Amtrak train in South Carolina stalled for 29 hours, conductor tells riders who dial 911 they're not 'hostage'


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Hundreds of passengers were stranded on an Amtrak train in rural South Carolina for more than 24 hours with limited food supply after the train was rerouted Tuesday, according to reports. 

An Amtrak Auto Train, a specialized train allowing passengers to take their vehicles with them to drive after their rail journeys, was headed from Washington, D.C., Monday and expected to arrive at the final destination of Sanford, Florida, at about 10 a.m. Tuesday, the Washington Post reported. 

Instead, after the train made its scheduled stop in Lorton, Virginia, at about 5:30 p.m. Monday, it was diverted because of the derailment of a CSX freight train, coming to a halt in wooded area near Denmark, South Carolina. 

ABC News reported that the train was left stranded in the rural area for more than 29 hours afterward. 


In one video, a conductor is heard making an announcement after some passengers reportedly dialed 911 or otherwise called local police telling them they were being held hostage on the train. 

"Once again, for those of you that are calling the police, we are not holding you hostage," the speaker is heard announcing to passengers. "We are giving you all the information of which we have. We are sorry about the inconvenience. As soon as more information is available, we will let you know shortly." 

Tracks are seen in front of a train car during a tour of Amtrak’s northeast corridor line near Wilmington, Delaware, on Jan. 11, 2019. (Andrew Harrer/Bloomberg via / Getty Images)

The train was further delayed while waiting for a new crew with specialized training to operate it. The initial crew could no longer legally operate the train, reports said. 

In an email to the Post, Amtrak spokesperson Christina Leeds said during the delay, Amtrak had been "providing regular updates to customers, along with meals, snack packs and beverages."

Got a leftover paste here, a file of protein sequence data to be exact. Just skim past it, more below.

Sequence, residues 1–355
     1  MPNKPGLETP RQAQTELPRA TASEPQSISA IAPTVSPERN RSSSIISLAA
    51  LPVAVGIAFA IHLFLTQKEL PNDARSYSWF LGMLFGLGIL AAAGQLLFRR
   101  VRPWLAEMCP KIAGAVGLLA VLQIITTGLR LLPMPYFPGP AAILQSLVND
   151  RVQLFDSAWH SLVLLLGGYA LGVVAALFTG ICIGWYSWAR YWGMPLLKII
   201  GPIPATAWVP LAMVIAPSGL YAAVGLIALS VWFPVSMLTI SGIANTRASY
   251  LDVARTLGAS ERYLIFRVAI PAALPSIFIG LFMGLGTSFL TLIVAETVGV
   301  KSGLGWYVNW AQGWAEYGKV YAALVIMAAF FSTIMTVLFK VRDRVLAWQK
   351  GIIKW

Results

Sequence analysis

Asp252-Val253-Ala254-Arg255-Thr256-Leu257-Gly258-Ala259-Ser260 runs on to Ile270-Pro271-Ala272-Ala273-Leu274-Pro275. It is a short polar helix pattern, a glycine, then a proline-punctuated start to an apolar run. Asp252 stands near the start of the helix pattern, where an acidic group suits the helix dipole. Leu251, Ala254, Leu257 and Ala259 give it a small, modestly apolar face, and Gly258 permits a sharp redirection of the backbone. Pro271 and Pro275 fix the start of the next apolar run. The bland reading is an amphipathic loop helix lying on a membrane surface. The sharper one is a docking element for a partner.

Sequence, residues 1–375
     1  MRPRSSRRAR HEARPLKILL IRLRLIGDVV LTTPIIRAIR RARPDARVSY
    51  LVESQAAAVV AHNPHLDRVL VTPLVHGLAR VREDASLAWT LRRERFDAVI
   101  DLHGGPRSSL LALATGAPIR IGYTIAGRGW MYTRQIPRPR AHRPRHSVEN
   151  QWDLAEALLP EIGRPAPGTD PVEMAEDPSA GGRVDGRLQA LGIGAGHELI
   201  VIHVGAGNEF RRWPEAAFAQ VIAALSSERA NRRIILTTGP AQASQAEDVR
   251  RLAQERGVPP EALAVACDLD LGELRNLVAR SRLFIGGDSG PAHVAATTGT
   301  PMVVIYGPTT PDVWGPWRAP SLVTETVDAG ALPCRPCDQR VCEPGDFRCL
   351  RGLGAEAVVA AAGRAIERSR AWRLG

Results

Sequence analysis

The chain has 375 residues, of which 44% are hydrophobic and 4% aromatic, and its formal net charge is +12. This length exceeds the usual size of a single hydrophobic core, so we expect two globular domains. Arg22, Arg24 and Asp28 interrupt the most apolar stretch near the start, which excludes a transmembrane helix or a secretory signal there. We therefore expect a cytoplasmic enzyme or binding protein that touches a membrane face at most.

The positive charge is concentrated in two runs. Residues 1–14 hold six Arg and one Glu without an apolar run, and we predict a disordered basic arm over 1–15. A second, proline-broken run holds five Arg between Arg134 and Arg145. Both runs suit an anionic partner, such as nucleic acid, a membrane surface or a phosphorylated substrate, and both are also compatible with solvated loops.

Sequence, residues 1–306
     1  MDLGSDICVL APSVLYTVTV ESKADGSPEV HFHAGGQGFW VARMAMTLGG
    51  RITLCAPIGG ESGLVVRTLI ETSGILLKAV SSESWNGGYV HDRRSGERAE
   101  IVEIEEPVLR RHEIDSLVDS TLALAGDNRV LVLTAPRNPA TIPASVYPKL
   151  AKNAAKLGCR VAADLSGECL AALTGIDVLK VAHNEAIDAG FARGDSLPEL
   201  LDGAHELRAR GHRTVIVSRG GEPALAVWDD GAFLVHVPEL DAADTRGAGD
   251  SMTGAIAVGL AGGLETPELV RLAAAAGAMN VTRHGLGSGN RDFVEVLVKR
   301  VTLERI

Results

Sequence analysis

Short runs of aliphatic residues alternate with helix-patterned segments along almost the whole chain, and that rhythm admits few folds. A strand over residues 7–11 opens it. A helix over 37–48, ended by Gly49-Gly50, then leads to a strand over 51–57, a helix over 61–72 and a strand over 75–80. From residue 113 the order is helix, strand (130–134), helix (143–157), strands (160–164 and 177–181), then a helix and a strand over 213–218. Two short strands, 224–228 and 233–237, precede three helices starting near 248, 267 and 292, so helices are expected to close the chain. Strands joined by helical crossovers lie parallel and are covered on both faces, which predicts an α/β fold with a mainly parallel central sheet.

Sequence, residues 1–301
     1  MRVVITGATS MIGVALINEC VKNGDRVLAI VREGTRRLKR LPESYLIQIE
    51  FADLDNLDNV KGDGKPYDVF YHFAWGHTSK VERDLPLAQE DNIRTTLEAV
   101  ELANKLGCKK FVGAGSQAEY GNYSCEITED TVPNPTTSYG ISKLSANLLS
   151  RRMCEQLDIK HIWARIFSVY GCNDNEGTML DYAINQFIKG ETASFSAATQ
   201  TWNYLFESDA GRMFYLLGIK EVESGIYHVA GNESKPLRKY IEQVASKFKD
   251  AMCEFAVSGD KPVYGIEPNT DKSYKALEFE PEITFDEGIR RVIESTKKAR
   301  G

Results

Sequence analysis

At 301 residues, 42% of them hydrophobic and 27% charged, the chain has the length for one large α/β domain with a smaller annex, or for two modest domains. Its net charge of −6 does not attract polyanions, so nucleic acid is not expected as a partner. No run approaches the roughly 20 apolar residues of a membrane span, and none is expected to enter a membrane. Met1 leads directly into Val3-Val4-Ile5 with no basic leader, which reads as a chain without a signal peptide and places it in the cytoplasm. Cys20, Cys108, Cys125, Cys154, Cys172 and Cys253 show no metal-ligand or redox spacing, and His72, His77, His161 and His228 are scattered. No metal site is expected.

Leeds also said employees onboard were working with pet owners to arrange bathroom breaks for animals. 

The Amtrak logo on the side of the dining car stopped at the depot in Lamy, New Mexico, near Santa Fe. (Robert Alexander / Getty Images)

But some passengers told media outlets feces was spotted on the floor of the train and dogs had not initially been allowed off the train in South Carolina. They said meals had also stopped. 

A statement from CSX to the WJLA news station in Washington, D.C., provided more details. 

"Just before 11:00 p.m. Monday, a CSX freight train came in contact with an unoccupied vehicle on the tracks at Charles Street in Lake City, SC resulting in the derailment of 25 rail cars and two locomotives, which remained upright," it said. "There were no injuries to the crew of the train and no hazardous materials involved. CSX crews are on site working to safely clear the tracks and restore the area." 

Passengers reportedly said the train had begun moving again Tuesday night. 

A passenger walks through an Amtrak train near Memphis, Tennessee, on Feb. 25, 2022. (Jon Cherry/Bloomberg via / Getty Images)

One passenger told WJLA that they were told they needed to wait a minimum of another 90 minutes once they reach their final destination in Florida for their vehicle to be unloaded from the train. 

Fox News Digital reached out to Amtrak again Wednesday morning for more updates. 


Debuted in 1983, the Amtrak Auto Train is advertised today as "a stress-free journey by rail, skipping the traffic congestion on I-95." Amtrak has been plagued by extended delays in recent years. More than one in five Amtrak trains was late in 2021, according to the Bureau of Labor Statistics. In October, passengers who took what was supposed to be a five-hour Amtrak train trip from Detroit to Chicago instead waited 19 hours with no electricity, water or food. 

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